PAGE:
Click for large image.

EU

Click for larger image.
ecb.fed.balance.sheets

Spain

Although the Catalonia regional government has insisted the unilateral poll will go ahead on Sunday, the Spanish government has vowed to stop the vote, which it says is a clear violation of the constitution. Spain’s constitutional court has suspended the legislation underpinning the referendum while it rules on its legality.  

A spokesman for the Spanish government’s Catalan delegation said on Tuesday that the region’s prosecutor had ordered the Mossos d’Esquadra, Catalonia’s police force, to take control of polling booths and identify those in charge.

Switzerland

safe.haven.swiss.franc

Other Scientific, Health, Political, Economics, and Business Items of Note - plus Miscellanea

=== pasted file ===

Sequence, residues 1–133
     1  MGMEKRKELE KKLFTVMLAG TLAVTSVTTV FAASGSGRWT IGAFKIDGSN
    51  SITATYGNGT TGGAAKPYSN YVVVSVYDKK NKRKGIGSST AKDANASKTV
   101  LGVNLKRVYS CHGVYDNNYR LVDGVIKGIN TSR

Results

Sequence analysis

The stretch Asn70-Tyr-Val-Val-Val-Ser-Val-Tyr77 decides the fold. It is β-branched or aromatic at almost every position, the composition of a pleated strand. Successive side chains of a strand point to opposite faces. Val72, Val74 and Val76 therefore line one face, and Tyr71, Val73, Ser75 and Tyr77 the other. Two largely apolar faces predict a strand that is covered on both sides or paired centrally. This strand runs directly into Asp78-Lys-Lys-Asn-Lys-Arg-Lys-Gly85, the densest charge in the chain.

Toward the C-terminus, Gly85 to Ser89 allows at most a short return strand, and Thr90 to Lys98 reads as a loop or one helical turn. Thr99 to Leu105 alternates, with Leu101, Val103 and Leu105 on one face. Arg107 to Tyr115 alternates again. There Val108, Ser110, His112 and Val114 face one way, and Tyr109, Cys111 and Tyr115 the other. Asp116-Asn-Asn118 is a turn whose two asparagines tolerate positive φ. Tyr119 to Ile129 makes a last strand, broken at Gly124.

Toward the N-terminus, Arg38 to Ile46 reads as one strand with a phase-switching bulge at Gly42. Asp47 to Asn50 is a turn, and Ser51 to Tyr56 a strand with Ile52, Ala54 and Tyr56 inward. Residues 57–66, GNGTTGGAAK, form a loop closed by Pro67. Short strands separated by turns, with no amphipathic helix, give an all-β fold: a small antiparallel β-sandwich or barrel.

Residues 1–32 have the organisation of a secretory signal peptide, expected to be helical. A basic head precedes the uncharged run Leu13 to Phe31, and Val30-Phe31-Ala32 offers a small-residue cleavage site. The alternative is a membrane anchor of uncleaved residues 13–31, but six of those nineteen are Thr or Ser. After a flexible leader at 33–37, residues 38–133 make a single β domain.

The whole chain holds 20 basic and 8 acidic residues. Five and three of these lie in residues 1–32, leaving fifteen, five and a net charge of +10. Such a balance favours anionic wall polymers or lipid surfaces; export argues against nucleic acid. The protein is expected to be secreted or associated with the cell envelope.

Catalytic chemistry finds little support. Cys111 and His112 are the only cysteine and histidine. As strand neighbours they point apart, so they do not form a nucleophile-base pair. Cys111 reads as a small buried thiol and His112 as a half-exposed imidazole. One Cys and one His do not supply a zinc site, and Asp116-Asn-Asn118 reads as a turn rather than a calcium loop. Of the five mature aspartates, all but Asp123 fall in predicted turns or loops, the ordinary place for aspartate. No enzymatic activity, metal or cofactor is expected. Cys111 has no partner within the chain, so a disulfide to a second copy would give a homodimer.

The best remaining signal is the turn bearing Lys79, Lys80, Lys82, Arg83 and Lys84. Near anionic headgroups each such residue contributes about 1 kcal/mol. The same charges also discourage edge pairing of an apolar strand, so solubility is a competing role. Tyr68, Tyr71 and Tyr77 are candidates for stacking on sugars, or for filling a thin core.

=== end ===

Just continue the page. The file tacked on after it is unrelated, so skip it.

• Subsidy free solar comes to the UK (Gov.UK)  (See also next article.)  The UK’s first subsidy-free solar farm will be officially opened today (Tuesday 26 September) by Climate Change Minister Claire Perry:

The 45 acre Clayhill solar farm and energy storage facility near Flitwick in Bedfordshire, built by energy provider Anesco, is made up of over 30,000 solar panels - enough to power 2,500 homes.

The solar farm will be the first in the UK to be built and operated without Government subsidy, following a fall in the cost of solar panels by two thirds since 2010. To date the industry has successfully installed 12GW of solar capacity across the country.